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Last-mile delivery refers to the movement of goods from a transportation hub or fulfillment center to the final delivery destination, such as the consumer’s residence. It is the last part of the process, like when UPS delivers a package straight to your front door. 

Last-mile delivery is one of the most important parts of the distribution process, but it also happens to be one of the most expensive and least-efficient stages. This part of the delivery is crucial in maintaining customer satisfaction, but retailers have little control over the process. Retailers primarily partner with large parcel carrier companies such as USPS, UPS, and FedEx. Some, like Amazon, make many of their own deliveries.

Optimizing last-mile delivery can be an involved process, but technology makes it easier, more cost-effective, and more efficient. 

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What are some common last-mile delivery issues? This process tends to be more costly and less efficient — and it’s crucial to customer satisfaction. Below, we’ll explore each challenge more closely.


Last-mile delivery consists of 53% of the total cost of shipping. Today, customers are unwilling to spend a great deal on shipping, especially with the prevalence of free shipping increasing. This change means retailers and businesses must pay this expense. Customers are also increasingly demanding faster delivery, real-time order tracking, and free returns, which raises costs. A delivery fleet’s overall operating costs are also expensive.


Drivers who deliver last-mile carry many small packages — all with a unique destination. These drivers have lower average speeds and spend more time on the road, which means they get a lower gas mileage. They have to make many stops, which causes the vehicle to idle and uses up fuel. Routes are sometimes complex, and drivers can end up in the wrong spot, causing deliveries to be late and fuel to be used excessively.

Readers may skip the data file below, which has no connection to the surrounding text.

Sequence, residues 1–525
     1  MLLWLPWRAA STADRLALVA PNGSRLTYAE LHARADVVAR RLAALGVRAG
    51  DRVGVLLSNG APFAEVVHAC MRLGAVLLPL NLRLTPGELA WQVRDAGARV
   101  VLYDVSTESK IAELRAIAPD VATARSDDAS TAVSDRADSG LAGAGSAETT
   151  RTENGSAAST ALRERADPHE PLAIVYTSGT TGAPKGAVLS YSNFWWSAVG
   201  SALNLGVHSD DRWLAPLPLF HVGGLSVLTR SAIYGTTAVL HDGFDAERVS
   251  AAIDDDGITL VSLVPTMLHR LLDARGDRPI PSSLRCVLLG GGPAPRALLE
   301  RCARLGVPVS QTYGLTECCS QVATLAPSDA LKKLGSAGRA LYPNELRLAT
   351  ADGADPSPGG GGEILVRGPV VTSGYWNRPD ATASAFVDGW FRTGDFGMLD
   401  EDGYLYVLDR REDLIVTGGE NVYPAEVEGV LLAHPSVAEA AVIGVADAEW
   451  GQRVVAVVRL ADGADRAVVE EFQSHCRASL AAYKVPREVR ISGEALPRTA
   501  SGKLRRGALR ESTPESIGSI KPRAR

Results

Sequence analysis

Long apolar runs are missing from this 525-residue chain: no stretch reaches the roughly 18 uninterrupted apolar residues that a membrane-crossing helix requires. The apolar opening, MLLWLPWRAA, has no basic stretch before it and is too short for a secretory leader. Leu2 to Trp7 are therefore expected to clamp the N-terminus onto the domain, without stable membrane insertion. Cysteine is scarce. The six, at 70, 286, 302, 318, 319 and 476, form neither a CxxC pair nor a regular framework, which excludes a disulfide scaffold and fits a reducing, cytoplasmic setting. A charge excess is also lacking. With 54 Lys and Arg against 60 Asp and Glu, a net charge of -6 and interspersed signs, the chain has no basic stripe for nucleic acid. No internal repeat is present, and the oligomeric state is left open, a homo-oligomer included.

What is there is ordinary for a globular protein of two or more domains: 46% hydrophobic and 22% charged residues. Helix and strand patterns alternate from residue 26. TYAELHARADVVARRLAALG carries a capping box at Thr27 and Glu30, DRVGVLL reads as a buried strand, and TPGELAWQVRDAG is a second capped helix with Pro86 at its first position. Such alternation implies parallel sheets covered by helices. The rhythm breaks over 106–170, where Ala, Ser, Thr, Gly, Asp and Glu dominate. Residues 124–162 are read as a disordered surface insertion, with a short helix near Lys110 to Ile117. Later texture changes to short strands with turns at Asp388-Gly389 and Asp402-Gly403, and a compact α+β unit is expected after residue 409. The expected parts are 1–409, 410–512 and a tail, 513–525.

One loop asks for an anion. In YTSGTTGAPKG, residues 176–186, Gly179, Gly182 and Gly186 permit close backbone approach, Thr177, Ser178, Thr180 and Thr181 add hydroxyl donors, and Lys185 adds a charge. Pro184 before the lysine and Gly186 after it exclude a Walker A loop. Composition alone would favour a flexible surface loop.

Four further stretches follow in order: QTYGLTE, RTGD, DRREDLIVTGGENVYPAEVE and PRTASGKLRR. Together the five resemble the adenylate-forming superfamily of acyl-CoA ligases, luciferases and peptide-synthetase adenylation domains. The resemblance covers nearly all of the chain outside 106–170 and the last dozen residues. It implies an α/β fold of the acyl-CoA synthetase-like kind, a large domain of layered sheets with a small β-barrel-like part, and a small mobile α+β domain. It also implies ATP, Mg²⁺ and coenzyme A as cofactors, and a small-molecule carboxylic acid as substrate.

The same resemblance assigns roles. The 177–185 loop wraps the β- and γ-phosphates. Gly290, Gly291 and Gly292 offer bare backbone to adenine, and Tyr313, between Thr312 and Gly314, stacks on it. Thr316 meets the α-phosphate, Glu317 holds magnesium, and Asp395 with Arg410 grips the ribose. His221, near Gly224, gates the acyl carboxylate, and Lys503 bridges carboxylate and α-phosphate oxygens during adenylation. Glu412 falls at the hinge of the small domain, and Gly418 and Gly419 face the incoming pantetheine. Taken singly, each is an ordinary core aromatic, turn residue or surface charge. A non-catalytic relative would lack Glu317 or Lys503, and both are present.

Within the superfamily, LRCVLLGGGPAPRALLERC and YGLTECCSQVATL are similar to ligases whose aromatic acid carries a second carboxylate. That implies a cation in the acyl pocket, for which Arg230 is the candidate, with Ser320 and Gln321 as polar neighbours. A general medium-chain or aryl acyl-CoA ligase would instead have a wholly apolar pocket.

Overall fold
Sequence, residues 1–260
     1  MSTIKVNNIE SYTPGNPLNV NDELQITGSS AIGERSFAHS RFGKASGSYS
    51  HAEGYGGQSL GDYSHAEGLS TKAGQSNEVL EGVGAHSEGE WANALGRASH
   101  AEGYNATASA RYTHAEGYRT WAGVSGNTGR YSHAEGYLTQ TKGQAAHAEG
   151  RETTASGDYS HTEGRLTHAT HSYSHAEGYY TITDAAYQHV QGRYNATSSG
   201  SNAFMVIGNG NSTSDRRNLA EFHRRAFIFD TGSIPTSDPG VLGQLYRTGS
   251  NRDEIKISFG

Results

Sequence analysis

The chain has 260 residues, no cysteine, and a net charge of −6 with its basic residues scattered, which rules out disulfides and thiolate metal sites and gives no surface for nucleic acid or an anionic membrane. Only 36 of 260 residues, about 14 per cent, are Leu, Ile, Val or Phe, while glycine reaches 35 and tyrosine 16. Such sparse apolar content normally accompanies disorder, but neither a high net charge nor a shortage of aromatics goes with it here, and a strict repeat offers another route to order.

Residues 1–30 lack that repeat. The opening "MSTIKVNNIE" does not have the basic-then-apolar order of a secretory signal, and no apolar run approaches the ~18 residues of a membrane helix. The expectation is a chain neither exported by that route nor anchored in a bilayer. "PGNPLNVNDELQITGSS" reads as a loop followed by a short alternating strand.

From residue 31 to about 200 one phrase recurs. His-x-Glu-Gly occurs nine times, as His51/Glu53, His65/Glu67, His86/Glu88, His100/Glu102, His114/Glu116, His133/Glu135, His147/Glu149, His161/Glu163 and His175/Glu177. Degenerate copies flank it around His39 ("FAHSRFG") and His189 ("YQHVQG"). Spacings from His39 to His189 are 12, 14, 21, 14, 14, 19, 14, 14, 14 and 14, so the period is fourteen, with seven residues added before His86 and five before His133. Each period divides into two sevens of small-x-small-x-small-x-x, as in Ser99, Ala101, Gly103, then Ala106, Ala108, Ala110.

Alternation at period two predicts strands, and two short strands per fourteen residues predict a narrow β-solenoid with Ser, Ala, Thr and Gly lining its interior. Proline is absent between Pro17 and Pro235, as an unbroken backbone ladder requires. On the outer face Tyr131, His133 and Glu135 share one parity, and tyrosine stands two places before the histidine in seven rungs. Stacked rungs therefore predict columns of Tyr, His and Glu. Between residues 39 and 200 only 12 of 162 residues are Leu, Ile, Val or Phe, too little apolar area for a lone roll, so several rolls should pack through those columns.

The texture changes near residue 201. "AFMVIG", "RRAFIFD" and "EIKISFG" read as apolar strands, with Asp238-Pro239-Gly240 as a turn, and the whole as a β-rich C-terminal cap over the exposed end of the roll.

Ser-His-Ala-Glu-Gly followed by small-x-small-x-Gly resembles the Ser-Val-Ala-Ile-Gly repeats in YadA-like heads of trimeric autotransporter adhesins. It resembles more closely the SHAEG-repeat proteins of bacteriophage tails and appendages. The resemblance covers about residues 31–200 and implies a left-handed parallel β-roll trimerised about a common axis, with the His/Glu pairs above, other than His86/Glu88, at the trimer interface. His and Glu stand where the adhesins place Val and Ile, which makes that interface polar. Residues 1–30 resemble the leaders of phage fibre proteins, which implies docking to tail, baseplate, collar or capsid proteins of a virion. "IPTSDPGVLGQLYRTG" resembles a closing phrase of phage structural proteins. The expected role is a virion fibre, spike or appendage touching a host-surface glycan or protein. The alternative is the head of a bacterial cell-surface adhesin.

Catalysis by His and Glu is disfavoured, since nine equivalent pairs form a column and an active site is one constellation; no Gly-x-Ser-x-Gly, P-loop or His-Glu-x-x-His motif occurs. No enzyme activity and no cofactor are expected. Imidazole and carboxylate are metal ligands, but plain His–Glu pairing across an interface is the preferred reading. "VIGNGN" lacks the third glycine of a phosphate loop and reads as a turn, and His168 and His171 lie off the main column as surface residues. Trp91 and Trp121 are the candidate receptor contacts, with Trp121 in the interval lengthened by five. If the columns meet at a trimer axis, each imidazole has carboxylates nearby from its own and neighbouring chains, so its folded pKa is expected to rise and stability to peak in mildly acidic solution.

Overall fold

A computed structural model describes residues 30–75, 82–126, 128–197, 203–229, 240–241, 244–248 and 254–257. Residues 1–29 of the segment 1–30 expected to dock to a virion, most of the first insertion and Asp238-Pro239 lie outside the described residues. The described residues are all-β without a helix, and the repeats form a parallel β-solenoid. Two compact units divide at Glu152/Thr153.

More drivers and delivery vehicles are needed since each truck can only deliver to a small area. Additionally, the drivers need a salary, and the vehicles require fuel and maintenance, which heightens the costs exponentially.

Failed deliveries are a costly problem as well. For example, a survey of U.K., U.S., and German retailers revealed that a single failed delivery costs a retailer $17.78 on average. A delivery can fail because of the customer putting an incorrect address, the package being sent to the wrong area, or the customer not being home to receive it. While two out of those three things may seem like the customer’s responsibility, it is the retailer’s job to prevent these issues since they foot the bill.


One reason why costs are so high is that the delivery process is not efficient. Complex, unoptimized delivery routes cause expenses to go up and speeds to go down. Retailers could avoid some failed deliveries with address response verification and accurate delivery notifications.